Sterol O-acyltransferase (SOAT/ACAT) activity is required to form cholesterol crystals in hepatocyte lipid droplets

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Excess unesterified (free) cholesterol can induce formation of cholesterol crystals in hepatocyte lipid droplets. Presence of such crystal distinguishes metabolic dysfunction associated steatohepatitis (MASH) from simple steatosis and may underlie its pathogenesis by causing cell damage that triggers liver inflammation. The mechanism linking cholesterol excess to its crystallization in lipid droplets is unclear. As cholesteryl esters localize to and accumulate in lipid droplets much more readily than free cholesterol, we investigated whether cholesterol esterification by sterol O-acyltransferase (SOAT), also known as acyl co-A cholesterol acyltransferase (ACAT) is required for hepatocyte lipid droplet crystal formation.


Cholesterol crystals were measured in cholesterol loaded Hep3B hepatocytes, RAW264.7 macrophages and mouse liver using polarizing light microscopy. We examined the effect of blocking SOAT activity on crystal formation and compared these results to cholesterol metabolism and the progression to intracellular crystal deposits.


Cholesterol loading of Hep3B cells caused robust levels of lipid droplet localized crystal formation in a dose- and time-dependent manner. Co-treatment with SOAT inhibitors and genetic ablation of SOAT1 blocked crystal formation. SOAT inhibitor also blocked crystal formation in low density lipoprotein (LDL) treated Hep3B cells, acetylated LDL treated RAW 264.7 macrophages, and in the liver of mice genetically predisposed to hepatic cholesterol overload and in mice fed a cholesterol enriched, MASH-promoting diet for 24 weeks.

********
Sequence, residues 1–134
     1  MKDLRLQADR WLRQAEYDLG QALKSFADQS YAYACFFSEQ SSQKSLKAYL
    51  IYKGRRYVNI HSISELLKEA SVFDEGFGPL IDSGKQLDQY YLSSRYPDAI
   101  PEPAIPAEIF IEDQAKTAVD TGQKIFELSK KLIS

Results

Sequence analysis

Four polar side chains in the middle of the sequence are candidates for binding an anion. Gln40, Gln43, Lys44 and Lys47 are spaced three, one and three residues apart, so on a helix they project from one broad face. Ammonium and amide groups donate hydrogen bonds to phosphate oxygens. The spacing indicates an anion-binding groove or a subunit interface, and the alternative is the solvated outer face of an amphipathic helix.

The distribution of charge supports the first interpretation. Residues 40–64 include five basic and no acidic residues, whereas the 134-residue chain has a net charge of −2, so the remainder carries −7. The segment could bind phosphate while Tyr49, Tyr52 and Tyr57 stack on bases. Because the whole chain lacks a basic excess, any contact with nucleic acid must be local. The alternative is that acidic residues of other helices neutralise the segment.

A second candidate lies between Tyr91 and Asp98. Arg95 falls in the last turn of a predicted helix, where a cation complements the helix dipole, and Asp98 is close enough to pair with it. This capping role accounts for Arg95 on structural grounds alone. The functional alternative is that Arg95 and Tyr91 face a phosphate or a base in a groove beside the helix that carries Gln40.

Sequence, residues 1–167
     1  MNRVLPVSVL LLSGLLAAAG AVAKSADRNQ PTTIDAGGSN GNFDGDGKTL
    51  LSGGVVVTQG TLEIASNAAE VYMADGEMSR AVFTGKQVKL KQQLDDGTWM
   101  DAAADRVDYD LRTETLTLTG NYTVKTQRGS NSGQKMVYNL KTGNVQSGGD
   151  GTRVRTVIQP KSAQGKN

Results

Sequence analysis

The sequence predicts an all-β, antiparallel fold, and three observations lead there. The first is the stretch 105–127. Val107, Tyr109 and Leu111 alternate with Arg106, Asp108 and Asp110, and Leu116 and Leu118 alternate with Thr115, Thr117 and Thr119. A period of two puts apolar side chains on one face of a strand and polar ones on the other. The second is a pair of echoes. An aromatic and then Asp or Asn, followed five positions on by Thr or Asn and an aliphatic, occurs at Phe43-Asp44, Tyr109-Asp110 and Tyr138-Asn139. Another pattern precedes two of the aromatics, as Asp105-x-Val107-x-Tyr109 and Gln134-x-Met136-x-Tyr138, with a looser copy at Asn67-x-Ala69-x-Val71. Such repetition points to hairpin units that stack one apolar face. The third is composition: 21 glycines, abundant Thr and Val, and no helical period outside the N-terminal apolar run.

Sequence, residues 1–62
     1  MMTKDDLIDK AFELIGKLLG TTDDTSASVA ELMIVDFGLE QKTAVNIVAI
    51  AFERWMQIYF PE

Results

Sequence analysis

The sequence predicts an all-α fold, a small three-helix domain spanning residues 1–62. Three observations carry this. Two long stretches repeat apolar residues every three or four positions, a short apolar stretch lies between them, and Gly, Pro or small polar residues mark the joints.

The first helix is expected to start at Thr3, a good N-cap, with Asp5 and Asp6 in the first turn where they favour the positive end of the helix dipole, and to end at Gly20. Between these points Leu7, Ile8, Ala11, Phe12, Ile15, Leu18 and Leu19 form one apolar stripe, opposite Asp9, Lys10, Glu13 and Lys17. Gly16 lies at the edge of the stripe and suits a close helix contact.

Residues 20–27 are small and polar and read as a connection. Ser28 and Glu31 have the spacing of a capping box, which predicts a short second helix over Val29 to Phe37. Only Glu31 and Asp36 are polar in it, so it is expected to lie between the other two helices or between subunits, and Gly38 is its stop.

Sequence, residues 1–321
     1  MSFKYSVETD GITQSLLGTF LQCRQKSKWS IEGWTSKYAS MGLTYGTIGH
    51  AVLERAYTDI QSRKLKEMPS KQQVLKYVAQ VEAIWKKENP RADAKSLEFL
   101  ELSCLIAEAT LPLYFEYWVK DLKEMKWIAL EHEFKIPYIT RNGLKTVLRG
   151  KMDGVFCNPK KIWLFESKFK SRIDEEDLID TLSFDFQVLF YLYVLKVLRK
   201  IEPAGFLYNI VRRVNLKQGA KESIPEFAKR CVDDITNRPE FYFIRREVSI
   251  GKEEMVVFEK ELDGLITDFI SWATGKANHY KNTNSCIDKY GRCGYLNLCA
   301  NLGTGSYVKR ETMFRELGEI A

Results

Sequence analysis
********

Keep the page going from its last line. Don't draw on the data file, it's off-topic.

SOAT1-mediated esterification may underlie cholesterol crystals associated with MASH by concentrating it in lipid droplets. These findings imply that inhibiting hepatocyte SOAT1 may alleviate cholesterol associated MASH. Moreover, that a lipid droplet localized cholesteryl ester hydrolase may be required for cholesterol crystal formation or, instead, that the crystals are composed of cholesteryl ester.

Funding Sources

Grants supporting this research were awarded to SBW from the Natural Sciences and Engineering Research Council of Canada (NSERC). SBW was supported by a National New Investigator Award and McDonald Scholarship from the Heart and Stroke Foundation of Canada. UN and MA were supported by a James Regan Cardiology Research scholarship from University of Saskatchewan’s College of Medicine.

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